As governments and economies struggle to achieve a sustainable balance between humanity’s material impact and the health of the planet, knowing the availability of resources will become a critical pivot for achieving and maintaining that balance.
Copper is one such resource—and today’s graphic from Trilogy Metals outlines all the copper ever mined and what known resources still exist on Earth.
Are we running out of copper?
Above Ground Copper Resources
The production of mined copper has increased dramatically over the last two decades, From 9.8 million metric tons in 1995 to 20 million metric tons in 2019, a 104% rise over 25 years.
A total of 700 million metric tons of copper have been mined throughout history. Based on the 2019 average price of $6,042/metric ton, that’s worth $4.2 trillion—more than the value of Apple and Amazon combined.
Chile has been the source of the majority of the world’s copper and the biggest copper mining nation. Together, Chile, Peru, and China account for 48% of current global copper production.
|Ranking||Country||Mine Production 2019 (Ktons)||Country||Reserves 2019 (Ktons)|
|Other Countries||3,800||Other Countries||220,000|
|World Total||20,000||World Total||870,000|
As we enter the era of renewable energy, electric vehicles, and see more global economic growth, the demand for copper will continue to rise. In fact, the Copper Alliance projects an increase of 50% in just the next 20 years.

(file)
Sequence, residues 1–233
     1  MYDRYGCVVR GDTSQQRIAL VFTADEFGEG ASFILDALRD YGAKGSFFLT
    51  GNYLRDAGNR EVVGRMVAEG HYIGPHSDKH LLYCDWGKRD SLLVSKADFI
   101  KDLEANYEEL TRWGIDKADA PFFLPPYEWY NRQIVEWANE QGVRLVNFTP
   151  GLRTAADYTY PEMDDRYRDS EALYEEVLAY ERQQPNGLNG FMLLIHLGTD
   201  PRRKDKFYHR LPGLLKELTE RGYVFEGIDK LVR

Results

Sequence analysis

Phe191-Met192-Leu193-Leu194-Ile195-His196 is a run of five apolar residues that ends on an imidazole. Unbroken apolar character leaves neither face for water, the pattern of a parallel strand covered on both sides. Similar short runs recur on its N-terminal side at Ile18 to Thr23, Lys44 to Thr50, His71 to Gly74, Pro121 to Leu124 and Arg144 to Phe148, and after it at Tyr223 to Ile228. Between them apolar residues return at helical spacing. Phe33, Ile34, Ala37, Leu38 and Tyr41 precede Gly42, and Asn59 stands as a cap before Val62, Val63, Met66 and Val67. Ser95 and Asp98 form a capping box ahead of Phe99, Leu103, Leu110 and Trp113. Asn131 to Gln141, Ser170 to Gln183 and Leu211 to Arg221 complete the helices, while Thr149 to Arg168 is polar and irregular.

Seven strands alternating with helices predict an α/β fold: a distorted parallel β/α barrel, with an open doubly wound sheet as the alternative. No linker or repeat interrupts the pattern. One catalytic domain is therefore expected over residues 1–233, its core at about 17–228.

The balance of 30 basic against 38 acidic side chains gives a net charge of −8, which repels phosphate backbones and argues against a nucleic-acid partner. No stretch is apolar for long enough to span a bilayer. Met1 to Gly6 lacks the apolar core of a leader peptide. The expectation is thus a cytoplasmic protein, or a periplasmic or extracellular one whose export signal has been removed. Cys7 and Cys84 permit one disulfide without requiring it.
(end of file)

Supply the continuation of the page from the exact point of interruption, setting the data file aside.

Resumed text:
Are We Running Out of Copper? Not So Soon
Although a large chunk of the Earth’s copper is already above ground, there’s still more to mine.
According to the USGS, identified copper resources amount to 2.1 billion metric tons, with a further 3.5 billion metric tons in undiscovered resources.
At current production rates, it would take about 105 years for us to use all of it and this does not even account for recycling or new discoveries. Copper is 100% recyclable, and nearly all of the 700 million metric tons of mined copper is still in circulation. With this in mind, it’s safe to say that we won’t be running out of copper anytime soon.
Despite copper’s apparent abundance, the red metal is expensive to actually get out of the ground. As a result, the supply of copper has often fallen short in meeting its rising demand. This, in addition to falling resource grades in Chile, the largest producer of copper, emphasizes the need for new discoveries and mines.
While there are known reserves of copper above the ground, the Earth remains largely unexplored because of the inability to explore for minerals in the depths of the oceans and other planets. As the readily available supply of copper becomes scarce, the incentive to mine currently uneconomic copper increases.
A Mineral Intense Future
Most consumers take the immediate availability of materials such as copper and other metals for granted, with little thought about whether there is enough.
But it’s important to remember that these materials are as finite as the dimensions of the Earth. In this material world, understanding what is and what is not available is critical for a sustainable future here on Earth.